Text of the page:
When a liquid is forced to flow radially outward in the gap between two coaxial, parallel annular disks—one rotating and one stationary—the liquid occupies the entire gap until the speed of the rotating disk reaches a critical value. Beyond that critical speed, gas from the outer radius starts to enter into the gap, a process referred to as aeration. The higher the rotational speed, the greater is the extent of penetration by the gas into the gap. The extent of gas penetration strongly affects the torque exerted between the two disks because of the large difference in the gas and liquid viscosities. In this study, a reduced-order model is developed to predict the onset of aeration, extent of gas penetration into the gap, and drag torque as a function of the disk's rotational speed, gap between disks, properties of the liquid, and mass flow rate of the liquid forced through the gap. The model developed was validated by comparing predictions with experimental data.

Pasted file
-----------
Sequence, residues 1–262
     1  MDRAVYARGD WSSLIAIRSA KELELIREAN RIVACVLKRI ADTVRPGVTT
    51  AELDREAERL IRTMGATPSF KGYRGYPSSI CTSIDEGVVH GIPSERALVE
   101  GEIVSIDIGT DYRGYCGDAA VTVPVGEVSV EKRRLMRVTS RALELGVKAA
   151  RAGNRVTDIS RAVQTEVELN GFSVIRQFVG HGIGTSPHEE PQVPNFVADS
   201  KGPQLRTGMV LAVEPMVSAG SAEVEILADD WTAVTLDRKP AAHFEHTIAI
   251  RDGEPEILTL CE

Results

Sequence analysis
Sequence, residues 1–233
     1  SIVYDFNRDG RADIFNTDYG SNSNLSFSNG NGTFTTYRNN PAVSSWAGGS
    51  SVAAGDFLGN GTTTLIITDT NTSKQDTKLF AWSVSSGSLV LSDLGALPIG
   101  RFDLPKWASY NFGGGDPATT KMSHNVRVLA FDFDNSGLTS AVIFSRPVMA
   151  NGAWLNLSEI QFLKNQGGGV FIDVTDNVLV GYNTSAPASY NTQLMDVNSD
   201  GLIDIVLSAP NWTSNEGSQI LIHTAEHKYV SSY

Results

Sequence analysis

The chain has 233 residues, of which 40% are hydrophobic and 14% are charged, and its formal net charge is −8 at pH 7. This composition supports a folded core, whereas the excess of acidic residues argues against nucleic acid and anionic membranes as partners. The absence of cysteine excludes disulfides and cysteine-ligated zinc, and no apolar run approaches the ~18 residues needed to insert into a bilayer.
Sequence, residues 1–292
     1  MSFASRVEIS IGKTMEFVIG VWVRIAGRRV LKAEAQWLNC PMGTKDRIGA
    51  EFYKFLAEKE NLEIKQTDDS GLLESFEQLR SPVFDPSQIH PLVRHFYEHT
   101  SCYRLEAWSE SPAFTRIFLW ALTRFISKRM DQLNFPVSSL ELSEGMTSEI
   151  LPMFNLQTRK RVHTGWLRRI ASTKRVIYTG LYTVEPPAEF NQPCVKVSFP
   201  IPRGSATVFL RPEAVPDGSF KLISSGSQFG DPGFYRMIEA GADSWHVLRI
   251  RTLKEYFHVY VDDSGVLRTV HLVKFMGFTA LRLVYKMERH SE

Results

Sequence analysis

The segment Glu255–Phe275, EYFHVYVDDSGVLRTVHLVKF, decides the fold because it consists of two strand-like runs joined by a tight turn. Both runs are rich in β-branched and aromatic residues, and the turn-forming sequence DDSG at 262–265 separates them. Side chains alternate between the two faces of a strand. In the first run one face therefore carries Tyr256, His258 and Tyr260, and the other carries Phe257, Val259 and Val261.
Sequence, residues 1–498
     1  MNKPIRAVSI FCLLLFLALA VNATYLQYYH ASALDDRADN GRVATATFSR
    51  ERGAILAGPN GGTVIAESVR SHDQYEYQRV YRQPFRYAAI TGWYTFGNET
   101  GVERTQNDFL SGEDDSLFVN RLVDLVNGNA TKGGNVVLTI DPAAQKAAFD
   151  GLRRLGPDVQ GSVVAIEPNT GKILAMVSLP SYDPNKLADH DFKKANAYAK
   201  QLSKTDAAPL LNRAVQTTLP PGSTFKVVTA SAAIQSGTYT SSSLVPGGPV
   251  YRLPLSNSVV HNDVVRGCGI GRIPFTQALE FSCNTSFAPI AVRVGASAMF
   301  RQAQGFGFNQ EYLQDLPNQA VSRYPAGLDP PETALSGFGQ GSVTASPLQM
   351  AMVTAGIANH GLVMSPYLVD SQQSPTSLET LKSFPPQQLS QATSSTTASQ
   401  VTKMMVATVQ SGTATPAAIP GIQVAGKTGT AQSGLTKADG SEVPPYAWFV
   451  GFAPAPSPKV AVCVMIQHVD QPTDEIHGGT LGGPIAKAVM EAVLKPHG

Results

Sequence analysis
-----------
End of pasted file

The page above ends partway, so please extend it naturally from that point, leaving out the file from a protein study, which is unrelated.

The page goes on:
Modeling Gas–Liquid Flow Between Rotating and Nonrotating Annular Disks
Contributed by the Fluids Engineering Division of ASME for publication in the JOURNAL OF FLUIDS ENGINEERING. Manuscript received January 23, 2018; final manuscript received June 7, 2019; published online June 27, 2019. Assoc. Editor: Samuel Paolucci.
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Pardeshi, I., and Shih, T. I. (June 27, 2019). "Modeling Gas–Liquid Flow Between Rotating and Nonrotating Annular Disks." ASME. J. Fluids Eng. December 2019; 141(12): 121303. https://doi.org/10.1115/1.4043985
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